Studio: Image Entertainment
Director: Greg McLean
Writer: Greg McLean, Aaron Sterns
Producer: Greg McLean, Steve Topic, Helen Leake
Stars: John Jarratt, Ryan Corr, Philippe Klaus, Shannon Ashlyn, Shane Connor, Ben Gerrard, Gerard Kennedy, Annie Byron
Serial killer Mick Taylor returns to stalk unsuspecting travelers in the Wolf Creek Crater region of the Australian Outback.
“Wolf Creek 2” follows in the first film’s footsteps with an identical setup and identical opening title cards. Apparently in the eight plus years separating the two movies, the statistics on missing persons in Australia have not changed any. Establishing shots of pretty scenery warm things up for a road trip montage, and the script putters onward with familiar scenes involving side-by-side vehicular pursuits, sniper rifle executions, and knife blades in the spine.
The difference between “Wolf Creek 2” and the first “Wolf Creek” (review here) is somewhere in the same neighborhood as the difference between “Freddy’s Dead” and the original “Nightmare on Elm Street.” Cashing in on audience response to the character as the series moved further from Wes Craven’s initial vision, Freddy Krueger became a darkly comic antihero known for crowd-pleasing one-liners instead of his abhorrent rap sheet as a child-murdering pedophile. In a similar vein, “Wolf Creek 2” finds filmmaker Greg McLean downplaying the gritty realism of his first foray to favor a focus on inflating the larger than life persona of fictional serial killer Mick Taylor.
Which is not to say that the directions taken by franchise stakeholders in either case were right or wrong. But acknowledging those creative choices is crucial to understanding how subsequent sequels shape their intended audience appeal.
There was always a tinge of surreal silliness to the Mick Taylor character, what with his generally jovial demeanor and closed-mouth laugh mixing grim with goofy. That aspect of his personality had a harder time dominating his presence in “Wolf Creek,” where it was offset by the dire circumstances taking place everywhere else. Although what was a measured dose of lunacy becomes a chugged gallon of Mick’s demented Crocodile Dundee characterization with full throttle acceleration as things ramp up in the sequel.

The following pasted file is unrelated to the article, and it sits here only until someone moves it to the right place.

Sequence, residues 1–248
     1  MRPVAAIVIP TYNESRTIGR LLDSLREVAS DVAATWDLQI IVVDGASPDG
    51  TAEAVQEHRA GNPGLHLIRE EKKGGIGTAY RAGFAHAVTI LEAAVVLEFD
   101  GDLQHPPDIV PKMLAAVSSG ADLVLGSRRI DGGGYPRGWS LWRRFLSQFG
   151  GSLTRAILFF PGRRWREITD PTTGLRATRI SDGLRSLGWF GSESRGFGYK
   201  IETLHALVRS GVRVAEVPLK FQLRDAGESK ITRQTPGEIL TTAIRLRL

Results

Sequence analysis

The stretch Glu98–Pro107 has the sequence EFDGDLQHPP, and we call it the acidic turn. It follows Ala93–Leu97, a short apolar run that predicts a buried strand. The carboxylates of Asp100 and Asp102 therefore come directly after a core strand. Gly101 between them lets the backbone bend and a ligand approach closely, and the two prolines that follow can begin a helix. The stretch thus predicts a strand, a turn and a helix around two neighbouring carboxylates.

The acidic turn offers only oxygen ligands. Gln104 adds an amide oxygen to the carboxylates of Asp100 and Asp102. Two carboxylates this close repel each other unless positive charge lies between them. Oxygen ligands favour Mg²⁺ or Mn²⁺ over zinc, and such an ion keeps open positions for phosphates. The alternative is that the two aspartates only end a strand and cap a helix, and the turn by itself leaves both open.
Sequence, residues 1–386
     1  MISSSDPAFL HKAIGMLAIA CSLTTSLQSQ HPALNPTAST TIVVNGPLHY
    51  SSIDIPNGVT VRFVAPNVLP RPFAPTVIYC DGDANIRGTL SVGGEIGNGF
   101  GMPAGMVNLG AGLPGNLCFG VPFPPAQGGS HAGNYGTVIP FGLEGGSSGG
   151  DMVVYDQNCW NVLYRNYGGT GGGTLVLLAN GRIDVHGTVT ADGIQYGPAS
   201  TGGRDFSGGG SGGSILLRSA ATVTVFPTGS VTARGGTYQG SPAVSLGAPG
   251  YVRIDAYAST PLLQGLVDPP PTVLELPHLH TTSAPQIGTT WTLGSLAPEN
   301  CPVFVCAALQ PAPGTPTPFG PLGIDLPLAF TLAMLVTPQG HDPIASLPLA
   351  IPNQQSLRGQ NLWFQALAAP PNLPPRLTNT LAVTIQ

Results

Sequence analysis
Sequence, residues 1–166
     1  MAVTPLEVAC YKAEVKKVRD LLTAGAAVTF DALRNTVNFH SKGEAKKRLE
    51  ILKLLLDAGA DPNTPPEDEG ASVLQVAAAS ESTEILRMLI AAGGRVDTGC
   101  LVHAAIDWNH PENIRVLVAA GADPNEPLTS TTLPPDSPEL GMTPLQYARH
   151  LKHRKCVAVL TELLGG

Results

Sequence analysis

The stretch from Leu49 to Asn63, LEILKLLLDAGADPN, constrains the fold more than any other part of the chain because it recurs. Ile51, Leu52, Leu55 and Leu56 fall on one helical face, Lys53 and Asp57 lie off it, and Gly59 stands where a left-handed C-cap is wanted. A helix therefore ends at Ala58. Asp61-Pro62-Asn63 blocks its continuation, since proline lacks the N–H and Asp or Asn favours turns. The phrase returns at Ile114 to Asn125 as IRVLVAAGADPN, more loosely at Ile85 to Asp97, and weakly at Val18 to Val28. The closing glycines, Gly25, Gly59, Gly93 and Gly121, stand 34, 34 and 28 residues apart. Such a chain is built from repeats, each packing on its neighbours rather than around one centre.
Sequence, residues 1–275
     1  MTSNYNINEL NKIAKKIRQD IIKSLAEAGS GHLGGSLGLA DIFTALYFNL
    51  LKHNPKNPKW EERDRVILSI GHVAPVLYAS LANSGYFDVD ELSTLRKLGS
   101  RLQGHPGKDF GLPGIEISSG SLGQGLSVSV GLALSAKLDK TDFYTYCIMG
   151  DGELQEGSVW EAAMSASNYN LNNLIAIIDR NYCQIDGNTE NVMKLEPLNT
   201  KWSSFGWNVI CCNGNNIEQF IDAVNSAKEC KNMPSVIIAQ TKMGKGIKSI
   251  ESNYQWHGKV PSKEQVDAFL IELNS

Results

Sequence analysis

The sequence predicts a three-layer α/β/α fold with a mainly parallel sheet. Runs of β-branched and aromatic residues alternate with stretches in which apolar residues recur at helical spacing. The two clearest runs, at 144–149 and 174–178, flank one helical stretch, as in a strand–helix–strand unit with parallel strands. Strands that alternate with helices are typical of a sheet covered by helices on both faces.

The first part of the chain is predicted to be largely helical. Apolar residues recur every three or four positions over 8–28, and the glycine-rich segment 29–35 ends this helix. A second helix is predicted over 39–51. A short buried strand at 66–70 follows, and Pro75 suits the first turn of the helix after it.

McLean clearly listened to the vocal fans who hailed Mick Taylor as a new icon in slasher cinema. So with co-writer Aaron Sterns, McLean decided to deliver what those “Wolf Creek” faithful wanted and crafted a script with murderous Mick in the spotlight from minute one to minute 100.
“Wolf Creek 2” undeniably aims for a more commercial flavor than its predecessor. McLean is almost proving a point that he can straddle a line of broader appeal by making the sequel more “fun” as escapist entertainment as opposed to a stark reflection of gruesome real-life terror. “Wolf Creek 2” trades in creeping dread and tortured screams for blockbuster action sequences, horrific ha-has, and a main maniac painted as a caricature of a twisted Aussie patriot.
The modestly lightened-up tone is not necessarily an ill-advised path for a burgeoning franchise to go down, time and audience reaction will decide, but it is one that is thematically different from what the original had in mind. “Wolf Creek 2” purposefully takes itself less seriously, incorporating on-the-nose gallows humor like Patsy Cline’s “I Fall to Pieces” playing in the background while Mick dismembers a corpse, and a kangaroo-crashing car chase all but winking at the audience for being over the top. (Though the latter sequence culminates in a badass semi-truck crash that is absolutely spectacular no matter how you feel about the rest of the film.)
“Wolf Creek” creator Greg McLean wears a middle finger on each of his fists, with one arm pointed at anyone who thought him an Ozploitation bandit unable to make mainstream horror without being torture-centric. The other arm is thrust squarely at everyone who mislabeled him as a misogynist for the way “Wolf Creek” depicted brutalization of female victims.
As if to rub it in the critics’ faces, the sequel replaces Final Girl with Final Guy, putting actor Ryan Corr in the hot seat for the final stretch of painful punishment, suggesting that Mick and McLean are both equal opportunity exploiters without a women-hating agenda. The final sequence labors on to such a ridiculous length that one wonders if McLean is intentionally saying, “see, this is what you have to sit through when the final face-off involves a male murderer and a male victim.”
The good news about where “Wolf Creek 2” takes the viewer is the same as the bad news, depending on personal tastes. This time around, McLean is less interested in indie arthouse aesthetics for mood bearing the stylistic equivalence of a ready-to-spring bear trap. Those roped in by the eerie tension and unsettling atmosphere of “Wolf Creek” will find that part two instead has a tongue not quite firmly in cheek, but definitely licking the roof of its mouth. Which means that if you thought actor John Jarratt’s off-kilter killer was the best part of “Wolf Creek,” then the sequel is like a caramel-covered brownie fudge sundae for a fat kid indulging a sweet tooth.
Review Score: 65